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By Jonathan Corbet
October 1, 2016
Kernel Recipes In a world full of fancy development tools and sites, the kernel project's dependence on email and mailing lists can seem quaintly dated, if not positively prehistoric. But, as Greg Kroah-Hartman pointed out in a Kernel Recipes talk titled "Patches carved into stone tablets", there are some good reasons for the kernel community's choices. Rather than being a holdover from an older era, email remains the best way to manage a project as large as the kernel.
In short, Greg said, kernel developers still use email because it is faster than any of the alternatives. Over the course of the last year, the project accepted about eight changes per hour — every hour — from over 4,000 developers sponsored by over 400 companies. It must be doing something right. The list of maintainers who accepted at least one patch per day contains 75 entries; at the top of the list, Greg himself accepted 9,781 patches over the year. Given that he accepts maybe one third of the patches sent his way, it is clear that the patch posting rate is much higher than that.
Finding tools that can manage that sort of patch rate is hard. A poor craftsman famously complains about his tools, Greg said, but a good craftsman knows how to choose excellent tools.
So which tools are available for development work? Greg started by looking at GitHub, which, he said, has a number of advantages. It is "very very pretty" and is easy to use for small projects thanks to its simple interface. GitHub offers free hosting and unlimited bandwidth, and can (for a fee) be run on a company's own infrastructure. It makes life easy for the authors of drive-by patches; Greg uses it for the usbutils project and gets an occasional patch that way.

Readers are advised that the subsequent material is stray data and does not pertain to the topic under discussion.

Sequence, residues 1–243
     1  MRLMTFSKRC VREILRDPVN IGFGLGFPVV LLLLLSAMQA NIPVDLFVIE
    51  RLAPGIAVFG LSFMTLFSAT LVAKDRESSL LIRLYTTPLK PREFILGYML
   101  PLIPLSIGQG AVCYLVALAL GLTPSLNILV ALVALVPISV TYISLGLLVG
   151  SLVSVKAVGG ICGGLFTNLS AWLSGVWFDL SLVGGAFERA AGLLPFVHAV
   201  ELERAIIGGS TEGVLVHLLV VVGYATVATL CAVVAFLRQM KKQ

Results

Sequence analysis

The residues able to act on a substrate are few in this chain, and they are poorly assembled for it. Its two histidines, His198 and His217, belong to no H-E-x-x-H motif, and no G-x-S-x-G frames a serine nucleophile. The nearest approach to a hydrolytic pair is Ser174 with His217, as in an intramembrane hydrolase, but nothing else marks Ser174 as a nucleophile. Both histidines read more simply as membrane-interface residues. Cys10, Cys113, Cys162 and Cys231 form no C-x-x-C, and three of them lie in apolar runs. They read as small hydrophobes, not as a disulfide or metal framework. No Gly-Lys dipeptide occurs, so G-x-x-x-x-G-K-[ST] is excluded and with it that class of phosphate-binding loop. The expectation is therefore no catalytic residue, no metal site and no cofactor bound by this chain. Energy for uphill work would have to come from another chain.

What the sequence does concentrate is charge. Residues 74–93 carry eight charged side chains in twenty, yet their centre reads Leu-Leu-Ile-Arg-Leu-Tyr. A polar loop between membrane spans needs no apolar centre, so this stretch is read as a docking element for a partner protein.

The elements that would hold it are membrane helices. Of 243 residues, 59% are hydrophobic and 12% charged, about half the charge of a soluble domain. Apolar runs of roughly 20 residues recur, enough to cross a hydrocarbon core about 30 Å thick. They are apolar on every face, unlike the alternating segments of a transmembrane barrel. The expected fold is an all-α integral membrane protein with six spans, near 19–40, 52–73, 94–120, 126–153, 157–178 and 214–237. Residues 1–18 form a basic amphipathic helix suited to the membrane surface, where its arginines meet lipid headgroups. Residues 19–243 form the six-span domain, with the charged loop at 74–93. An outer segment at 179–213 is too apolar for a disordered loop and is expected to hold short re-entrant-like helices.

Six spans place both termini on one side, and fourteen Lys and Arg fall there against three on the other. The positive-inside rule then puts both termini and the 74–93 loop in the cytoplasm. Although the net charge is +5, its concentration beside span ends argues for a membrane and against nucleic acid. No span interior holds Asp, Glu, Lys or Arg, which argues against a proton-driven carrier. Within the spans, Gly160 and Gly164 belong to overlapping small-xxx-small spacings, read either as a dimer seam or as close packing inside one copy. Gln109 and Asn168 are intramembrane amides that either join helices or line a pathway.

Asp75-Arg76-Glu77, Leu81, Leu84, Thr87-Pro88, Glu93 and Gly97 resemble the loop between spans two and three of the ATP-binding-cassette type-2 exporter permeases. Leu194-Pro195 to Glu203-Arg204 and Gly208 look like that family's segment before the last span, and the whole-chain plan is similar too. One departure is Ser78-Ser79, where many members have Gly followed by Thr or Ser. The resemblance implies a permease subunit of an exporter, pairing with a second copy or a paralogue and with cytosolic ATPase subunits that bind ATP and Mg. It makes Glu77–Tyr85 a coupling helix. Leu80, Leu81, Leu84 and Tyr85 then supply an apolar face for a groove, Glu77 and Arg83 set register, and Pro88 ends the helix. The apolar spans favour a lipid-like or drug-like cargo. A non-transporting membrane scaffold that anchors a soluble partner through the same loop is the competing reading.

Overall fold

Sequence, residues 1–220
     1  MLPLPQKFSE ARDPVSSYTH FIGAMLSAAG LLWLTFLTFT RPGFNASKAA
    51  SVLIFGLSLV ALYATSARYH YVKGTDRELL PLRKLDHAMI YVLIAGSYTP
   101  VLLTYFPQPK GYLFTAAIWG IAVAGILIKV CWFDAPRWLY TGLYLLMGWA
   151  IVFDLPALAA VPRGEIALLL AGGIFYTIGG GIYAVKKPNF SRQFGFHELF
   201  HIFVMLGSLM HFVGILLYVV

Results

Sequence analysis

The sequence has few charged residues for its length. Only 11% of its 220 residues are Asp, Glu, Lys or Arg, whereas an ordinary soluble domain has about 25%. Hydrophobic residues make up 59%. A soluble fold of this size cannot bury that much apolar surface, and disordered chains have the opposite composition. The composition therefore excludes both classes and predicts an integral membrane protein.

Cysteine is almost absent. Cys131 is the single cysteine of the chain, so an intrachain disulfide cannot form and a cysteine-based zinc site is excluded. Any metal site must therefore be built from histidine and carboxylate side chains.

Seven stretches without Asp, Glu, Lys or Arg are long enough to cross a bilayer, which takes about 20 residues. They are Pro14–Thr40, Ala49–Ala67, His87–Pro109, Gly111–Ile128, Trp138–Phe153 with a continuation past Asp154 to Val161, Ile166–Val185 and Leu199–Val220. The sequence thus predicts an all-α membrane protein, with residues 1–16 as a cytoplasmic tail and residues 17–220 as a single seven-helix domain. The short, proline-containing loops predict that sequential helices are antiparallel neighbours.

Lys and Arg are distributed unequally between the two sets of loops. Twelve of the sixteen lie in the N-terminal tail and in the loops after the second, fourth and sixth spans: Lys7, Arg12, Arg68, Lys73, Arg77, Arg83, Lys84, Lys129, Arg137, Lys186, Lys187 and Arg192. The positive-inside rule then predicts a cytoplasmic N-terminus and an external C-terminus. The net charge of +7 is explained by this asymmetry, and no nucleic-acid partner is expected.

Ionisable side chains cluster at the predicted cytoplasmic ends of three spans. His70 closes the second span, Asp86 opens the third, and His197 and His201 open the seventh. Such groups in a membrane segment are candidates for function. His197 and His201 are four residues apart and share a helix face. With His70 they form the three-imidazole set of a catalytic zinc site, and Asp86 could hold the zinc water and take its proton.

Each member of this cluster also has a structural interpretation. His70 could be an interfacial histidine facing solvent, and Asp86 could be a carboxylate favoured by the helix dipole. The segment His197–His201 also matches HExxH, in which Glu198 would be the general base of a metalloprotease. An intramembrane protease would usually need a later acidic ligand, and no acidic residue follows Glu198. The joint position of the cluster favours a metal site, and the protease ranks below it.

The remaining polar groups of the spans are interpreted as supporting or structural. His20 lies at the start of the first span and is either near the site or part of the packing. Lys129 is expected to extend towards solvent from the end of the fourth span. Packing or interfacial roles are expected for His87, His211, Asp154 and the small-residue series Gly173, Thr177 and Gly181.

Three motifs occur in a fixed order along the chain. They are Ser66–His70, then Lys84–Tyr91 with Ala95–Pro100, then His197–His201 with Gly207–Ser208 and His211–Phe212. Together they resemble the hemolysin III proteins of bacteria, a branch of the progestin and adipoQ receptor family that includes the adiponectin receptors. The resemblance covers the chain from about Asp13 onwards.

On the other hand, GitHub does not scale to larger projects. He pointed at the Kubernetes project, which has over 4,000 open issues and 511 open pull requests. The system, he said, does not work well for large numbers of reviewers. It has
a reasonable mechanism for discussion threads attached to pull requests — GitHub has duplicated email for that feature, he said — but only the people who are actually assigned to a pull request can see that thread. GitHub also requires online access, but there are a lot of kernel developers who, for whatever reason, do not have good access to the net while they are working. In general, it is getting better, but projects like Kubernetes are realizing that they need to find something better suited to their scale; it would never work for the kernel.
Moving on to Gerrit , Greg started to list its good points, but stopped short, saying he didn't know any. Actually, there was one: project managers love it, since it gives them the feeling that they know what is going on within the project. He noted that Google, which promotes Gerrit for use with the Android project, does not use it for any of its internal projects. Even with Android, Gerrit is not really needed; Greg pointed out that, in the complicated flow chart showing how to get a patch into Android, Gerrit has a small and replaceable role.